How to prevent your boss from mangling your copy

Do your top honchos savage your clean, clear writing with jargon and run-on sentences? Try these tactics to spare yourself—and your readers—from their maundering.

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Having worked as an editor in the communications department of a large investment bank, I empathize completely. There’s nothing worse than some verbose exec “improving” your finely crafted copy by inserting references to “delivering key learnings,” “driving employee integration strategies,” and “interfacing holistically with clients.”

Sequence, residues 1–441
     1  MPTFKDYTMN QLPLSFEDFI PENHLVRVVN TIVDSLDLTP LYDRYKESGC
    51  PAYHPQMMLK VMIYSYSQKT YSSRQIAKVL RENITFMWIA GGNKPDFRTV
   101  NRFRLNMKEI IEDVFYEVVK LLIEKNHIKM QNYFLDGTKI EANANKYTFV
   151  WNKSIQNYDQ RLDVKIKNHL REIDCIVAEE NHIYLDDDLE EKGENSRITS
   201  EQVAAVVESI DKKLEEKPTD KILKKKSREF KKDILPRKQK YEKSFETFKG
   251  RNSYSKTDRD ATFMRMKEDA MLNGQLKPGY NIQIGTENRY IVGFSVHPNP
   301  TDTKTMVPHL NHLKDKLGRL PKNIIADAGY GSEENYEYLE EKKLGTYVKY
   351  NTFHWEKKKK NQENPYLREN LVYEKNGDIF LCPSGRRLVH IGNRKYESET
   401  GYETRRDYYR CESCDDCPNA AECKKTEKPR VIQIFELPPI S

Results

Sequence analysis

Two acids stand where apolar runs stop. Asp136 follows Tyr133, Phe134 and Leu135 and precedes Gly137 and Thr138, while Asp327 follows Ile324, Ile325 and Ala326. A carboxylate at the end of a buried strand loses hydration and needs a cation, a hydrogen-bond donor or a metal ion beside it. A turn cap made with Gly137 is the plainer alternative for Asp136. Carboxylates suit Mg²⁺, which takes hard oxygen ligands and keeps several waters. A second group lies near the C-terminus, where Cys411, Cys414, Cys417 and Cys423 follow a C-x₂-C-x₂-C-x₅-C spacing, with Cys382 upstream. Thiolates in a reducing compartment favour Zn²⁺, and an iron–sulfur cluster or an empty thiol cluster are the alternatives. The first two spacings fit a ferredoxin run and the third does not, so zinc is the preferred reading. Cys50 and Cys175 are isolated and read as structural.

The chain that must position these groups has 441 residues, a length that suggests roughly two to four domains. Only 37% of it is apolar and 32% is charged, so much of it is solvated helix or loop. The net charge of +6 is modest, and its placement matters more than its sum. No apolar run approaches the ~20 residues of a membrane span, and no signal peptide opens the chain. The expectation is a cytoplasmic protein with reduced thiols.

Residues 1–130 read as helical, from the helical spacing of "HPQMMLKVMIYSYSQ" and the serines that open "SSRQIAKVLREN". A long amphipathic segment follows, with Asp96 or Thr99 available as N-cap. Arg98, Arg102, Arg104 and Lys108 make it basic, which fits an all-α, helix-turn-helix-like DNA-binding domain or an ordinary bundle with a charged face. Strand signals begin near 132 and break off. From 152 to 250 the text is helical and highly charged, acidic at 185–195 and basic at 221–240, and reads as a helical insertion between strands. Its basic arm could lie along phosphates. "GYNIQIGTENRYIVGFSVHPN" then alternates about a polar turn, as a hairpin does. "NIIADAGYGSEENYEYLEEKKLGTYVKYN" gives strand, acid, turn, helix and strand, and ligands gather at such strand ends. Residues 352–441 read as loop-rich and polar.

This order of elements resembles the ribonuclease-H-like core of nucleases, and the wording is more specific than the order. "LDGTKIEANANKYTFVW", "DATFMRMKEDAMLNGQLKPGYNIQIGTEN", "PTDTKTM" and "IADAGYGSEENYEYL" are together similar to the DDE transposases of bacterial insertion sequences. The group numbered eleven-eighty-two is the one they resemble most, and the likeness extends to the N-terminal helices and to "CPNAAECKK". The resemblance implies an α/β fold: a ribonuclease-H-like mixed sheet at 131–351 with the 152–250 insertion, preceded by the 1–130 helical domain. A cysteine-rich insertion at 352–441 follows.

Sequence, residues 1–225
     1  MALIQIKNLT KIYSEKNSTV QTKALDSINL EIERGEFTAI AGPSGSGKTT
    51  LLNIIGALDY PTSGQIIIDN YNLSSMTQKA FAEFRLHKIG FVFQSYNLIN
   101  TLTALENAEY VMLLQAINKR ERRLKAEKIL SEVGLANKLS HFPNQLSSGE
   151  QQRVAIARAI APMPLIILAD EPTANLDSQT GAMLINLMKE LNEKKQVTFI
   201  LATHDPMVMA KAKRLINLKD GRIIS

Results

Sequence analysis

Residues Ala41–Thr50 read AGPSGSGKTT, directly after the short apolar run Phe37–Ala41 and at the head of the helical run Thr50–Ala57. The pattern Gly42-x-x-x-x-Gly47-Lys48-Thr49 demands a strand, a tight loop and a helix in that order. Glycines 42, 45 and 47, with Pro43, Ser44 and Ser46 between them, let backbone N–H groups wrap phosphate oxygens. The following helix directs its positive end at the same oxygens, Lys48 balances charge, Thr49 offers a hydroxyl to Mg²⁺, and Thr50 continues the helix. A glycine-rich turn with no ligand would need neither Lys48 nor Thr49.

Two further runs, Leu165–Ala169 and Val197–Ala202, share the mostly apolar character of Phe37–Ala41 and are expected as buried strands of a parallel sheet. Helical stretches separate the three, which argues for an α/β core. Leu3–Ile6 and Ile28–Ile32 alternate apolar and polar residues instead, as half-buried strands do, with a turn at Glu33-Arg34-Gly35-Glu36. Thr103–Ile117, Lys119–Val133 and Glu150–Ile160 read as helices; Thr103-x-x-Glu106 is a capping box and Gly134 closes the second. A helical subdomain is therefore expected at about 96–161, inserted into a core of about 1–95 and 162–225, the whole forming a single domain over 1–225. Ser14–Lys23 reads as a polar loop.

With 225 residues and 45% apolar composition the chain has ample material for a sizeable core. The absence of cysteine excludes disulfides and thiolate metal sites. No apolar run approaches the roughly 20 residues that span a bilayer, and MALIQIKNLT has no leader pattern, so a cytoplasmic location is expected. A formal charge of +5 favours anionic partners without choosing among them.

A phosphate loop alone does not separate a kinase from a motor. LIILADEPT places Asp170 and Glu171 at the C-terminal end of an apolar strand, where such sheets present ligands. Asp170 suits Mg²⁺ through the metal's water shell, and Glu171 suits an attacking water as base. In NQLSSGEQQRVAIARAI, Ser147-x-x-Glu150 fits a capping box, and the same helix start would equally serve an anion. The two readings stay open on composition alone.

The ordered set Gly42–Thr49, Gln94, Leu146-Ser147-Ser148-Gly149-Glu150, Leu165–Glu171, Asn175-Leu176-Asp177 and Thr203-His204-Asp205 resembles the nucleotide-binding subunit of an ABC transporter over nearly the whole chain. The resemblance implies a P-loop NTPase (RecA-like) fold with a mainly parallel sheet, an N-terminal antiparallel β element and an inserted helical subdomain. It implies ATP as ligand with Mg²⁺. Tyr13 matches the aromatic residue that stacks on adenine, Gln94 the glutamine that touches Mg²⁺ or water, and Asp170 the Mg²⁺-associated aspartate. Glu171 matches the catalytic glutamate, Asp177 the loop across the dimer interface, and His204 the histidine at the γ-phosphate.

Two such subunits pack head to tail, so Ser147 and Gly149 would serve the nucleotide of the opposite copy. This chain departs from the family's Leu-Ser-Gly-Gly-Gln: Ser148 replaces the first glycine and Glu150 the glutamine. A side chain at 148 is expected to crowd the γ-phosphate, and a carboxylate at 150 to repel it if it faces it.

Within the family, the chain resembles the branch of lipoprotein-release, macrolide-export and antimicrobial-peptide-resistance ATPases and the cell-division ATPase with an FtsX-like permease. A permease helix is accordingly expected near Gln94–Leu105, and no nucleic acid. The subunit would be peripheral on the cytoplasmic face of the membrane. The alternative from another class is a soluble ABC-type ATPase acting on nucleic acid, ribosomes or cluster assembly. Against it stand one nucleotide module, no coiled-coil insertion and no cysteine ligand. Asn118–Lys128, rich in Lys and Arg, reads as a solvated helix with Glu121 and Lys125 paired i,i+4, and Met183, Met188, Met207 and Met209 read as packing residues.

There are two aspects to successfully managing your clients: getting the process right and knowing how to navigate the politics. Here, I offer my tips on the first of the two P’s—process.

1. Don’t ask for “feedback.”

“Feedback” is a broad concept meaning different things to different people. One editor might check for grammar and spelling. Another might be concerned with how “on-brand” the story is. Yet another will want to rephrase your writing to incorporate words like “solutions,” “impacted on,” and “going forward,” simply because your original wasn’t “corporate enough.”

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